Over the years, we have all seen data rationalization and data quality improvement projects either fail outright or take significantly longer than planned. Similarly, I have seen many projects designed to integrate customer and vendor databases across functions or divisions, implementations of master data management (MDM)/customer data integration (CDI) solutions and even simple efforts to clean and maintain a single division’s customer data frequently fail to deliver the data required by end users because of data quality problems. Perhaps the most dramatic failures I have witnessed were initiatives to identify the company’s 25 largest customers for the CEO. (I have watched this action film three times with different companies in the lead role. They were spectacles because of the high visibility of the project.)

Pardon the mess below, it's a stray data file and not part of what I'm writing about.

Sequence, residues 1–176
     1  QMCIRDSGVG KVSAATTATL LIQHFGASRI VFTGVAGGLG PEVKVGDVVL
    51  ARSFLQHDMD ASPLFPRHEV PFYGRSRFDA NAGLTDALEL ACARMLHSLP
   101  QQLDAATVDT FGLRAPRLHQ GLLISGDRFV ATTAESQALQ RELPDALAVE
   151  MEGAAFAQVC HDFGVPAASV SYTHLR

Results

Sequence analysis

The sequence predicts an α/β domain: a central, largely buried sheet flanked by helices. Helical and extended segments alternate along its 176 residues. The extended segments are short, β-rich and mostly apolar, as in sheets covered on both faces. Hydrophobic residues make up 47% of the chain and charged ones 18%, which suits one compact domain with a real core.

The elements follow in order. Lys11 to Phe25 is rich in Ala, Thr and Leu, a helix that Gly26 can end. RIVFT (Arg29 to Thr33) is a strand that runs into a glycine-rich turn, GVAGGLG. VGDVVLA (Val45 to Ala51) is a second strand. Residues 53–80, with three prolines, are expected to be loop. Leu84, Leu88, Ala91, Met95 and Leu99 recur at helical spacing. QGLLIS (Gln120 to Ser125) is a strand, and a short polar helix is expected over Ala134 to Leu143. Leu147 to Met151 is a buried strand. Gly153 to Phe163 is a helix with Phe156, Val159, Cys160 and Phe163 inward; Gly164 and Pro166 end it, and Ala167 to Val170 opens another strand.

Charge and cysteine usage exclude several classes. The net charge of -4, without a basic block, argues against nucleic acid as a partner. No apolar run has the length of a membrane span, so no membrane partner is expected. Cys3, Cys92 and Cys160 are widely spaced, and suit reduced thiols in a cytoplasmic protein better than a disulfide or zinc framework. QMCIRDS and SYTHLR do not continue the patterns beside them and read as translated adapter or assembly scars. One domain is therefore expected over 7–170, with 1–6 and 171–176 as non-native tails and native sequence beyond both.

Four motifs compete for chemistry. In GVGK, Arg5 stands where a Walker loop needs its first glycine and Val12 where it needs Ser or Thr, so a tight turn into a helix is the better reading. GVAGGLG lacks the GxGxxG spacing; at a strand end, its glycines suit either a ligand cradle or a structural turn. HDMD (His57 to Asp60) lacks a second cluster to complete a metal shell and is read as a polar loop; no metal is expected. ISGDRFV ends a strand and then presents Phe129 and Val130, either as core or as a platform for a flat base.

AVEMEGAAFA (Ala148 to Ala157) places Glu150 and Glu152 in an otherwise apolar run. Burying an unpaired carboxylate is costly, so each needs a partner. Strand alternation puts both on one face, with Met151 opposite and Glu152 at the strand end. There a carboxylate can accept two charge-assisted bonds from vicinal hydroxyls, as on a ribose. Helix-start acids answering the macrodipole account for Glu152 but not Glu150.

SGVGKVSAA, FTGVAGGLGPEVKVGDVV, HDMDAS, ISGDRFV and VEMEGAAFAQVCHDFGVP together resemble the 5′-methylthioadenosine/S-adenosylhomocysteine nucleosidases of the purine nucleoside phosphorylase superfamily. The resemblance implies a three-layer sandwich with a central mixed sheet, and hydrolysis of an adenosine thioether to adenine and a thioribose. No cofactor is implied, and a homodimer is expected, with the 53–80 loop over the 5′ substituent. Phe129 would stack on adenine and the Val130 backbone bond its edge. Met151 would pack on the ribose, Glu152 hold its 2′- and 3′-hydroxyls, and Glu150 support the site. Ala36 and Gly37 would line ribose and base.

There are lots of reasons why these projects take so long to deliver results, but there is a common thread in all the examples I have witnessed. The underlying problem has been attacking the problem from the wrong end of the transformation chain. What do I mean by transformation chain? All systems that transform raw data into information that can be used for analysis or insight go through a set of common steps. (In this column, I’ll use information about customers and vendors, a.k.a. business entities, for illustrative purposes.) The steps are:

Register or login for access to this item and much more

All Information Management content is archived after seven days.

Community members receive:
  • All recent and archived articles
  • Conference offers and updates
  • A full menu of enewsletter options
  • Web seminars, white papers, ebooks

Don't have an account? Register for Free Unlimited Access